LAGOS (Reuters) – With her school shut because of the coronavirus, Tolu Alagba kneels as she copies down class notes from a communal village chalkboard, the closest thing to online lessons on an island with no electricity, a boat ride from Nigeria’s megacity Lagos.
Like much of the world, Nigeria ordered schools shut in late March to curb the spread of the coronavirus. But while children in many countries have shifted to online lessons, that is all but impossible in most of Nigeria, where fewer than 8 percent of households have access to the internet.
In Tolu’s small fishing community, a retired teacher has volunteered to teach around 20 children three times a week in sessions lasting two hours. Children unable to attend in person can copy out the notes by hand, posted on the chalkboard mounted in a communal veranda.
“I’m happy, a teacher brings us together to learn a few things,” said Tolu, 13.
The pandemic, and the global shutdown of schools, is deepening educational disparities between rich and poor, both between countries and within them, said Ydo Yao, regional director in West Africa of UN education agency UNESCO.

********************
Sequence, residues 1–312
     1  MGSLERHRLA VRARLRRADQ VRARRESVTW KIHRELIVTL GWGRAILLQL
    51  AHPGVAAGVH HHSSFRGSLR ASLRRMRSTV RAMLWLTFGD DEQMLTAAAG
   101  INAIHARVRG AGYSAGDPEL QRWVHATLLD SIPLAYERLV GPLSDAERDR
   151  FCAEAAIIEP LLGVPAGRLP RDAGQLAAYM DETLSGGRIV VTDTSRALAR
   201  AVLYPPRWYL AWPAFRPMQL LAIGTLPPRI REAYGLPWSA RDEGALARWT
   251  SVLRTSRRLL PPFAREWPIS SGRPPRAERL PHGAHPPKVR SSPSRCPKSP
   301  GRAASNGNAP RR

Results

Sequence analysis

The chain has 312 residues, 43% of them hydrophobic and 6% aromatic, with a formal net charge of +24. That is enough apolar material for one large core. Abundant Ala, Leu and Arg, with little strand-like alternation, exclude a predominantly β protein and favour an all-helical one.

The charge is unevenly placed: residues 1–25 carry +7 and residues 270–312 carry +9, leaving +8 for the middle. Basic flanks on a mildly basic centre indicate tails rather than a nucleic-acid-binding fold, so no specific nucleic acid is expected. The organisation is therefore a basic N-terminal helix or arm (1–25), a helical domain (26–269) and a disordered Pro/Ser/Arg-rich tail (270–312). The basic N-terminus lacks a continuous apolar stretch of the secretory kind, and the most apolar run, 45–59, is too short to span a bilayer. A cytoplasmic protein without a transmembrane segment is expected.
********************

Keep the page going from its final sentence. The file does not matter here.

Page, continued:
Wealthier Nigerian families have access to the internet, and schools in affluent areas offer some form of distance learning.
Kesiena Onoge, in the Ogudu suburb of Lagos, spends 5,000 naira ($14) each week on internet and electricity – a large sum in a country where most people live on less than $2 a day. It enables her to go online for up to two hours a day with her six-year-old daughter, Naomi.
But even here, and despite the expense, the materials are far from what pupils in rich countries might expect.
“Network generally is bad and slow, and then uploading or attaching the assignment is tough,” said Onoge.
Nigeria has recorded more than 1,700 cases of the new coronavirus, resulting in 51 deaths. Although the president has announced a gradual and phased end to a lockdown in Lagos from Monday, no plans have been announced to reopen schools.
With online learning off limits to most children, authorities are hoping educational programming on older media such as television and radio can help.
Nigeria’s states will provide lessons on radio and TV, on subjects ranging from English and maths to economics and chemistry, according to a tweet from the government on Thursday listing a timetable of programmes.
Nigeria has experience of searching for alternative ways to educate children. In the northeast, an insurgency by Boko Haram Islamist militants has kept some 10 million children aged 6-11 from attending school. Local broadcasters have been showing educational programmes on TV there for years.
“We need to multiply offline solutions,” said Yao.
On her island, surrounded by children playing and laughing, Tolu says she is grateful for the makeshift classes that have replaced her school. “I am happy about the lessons.”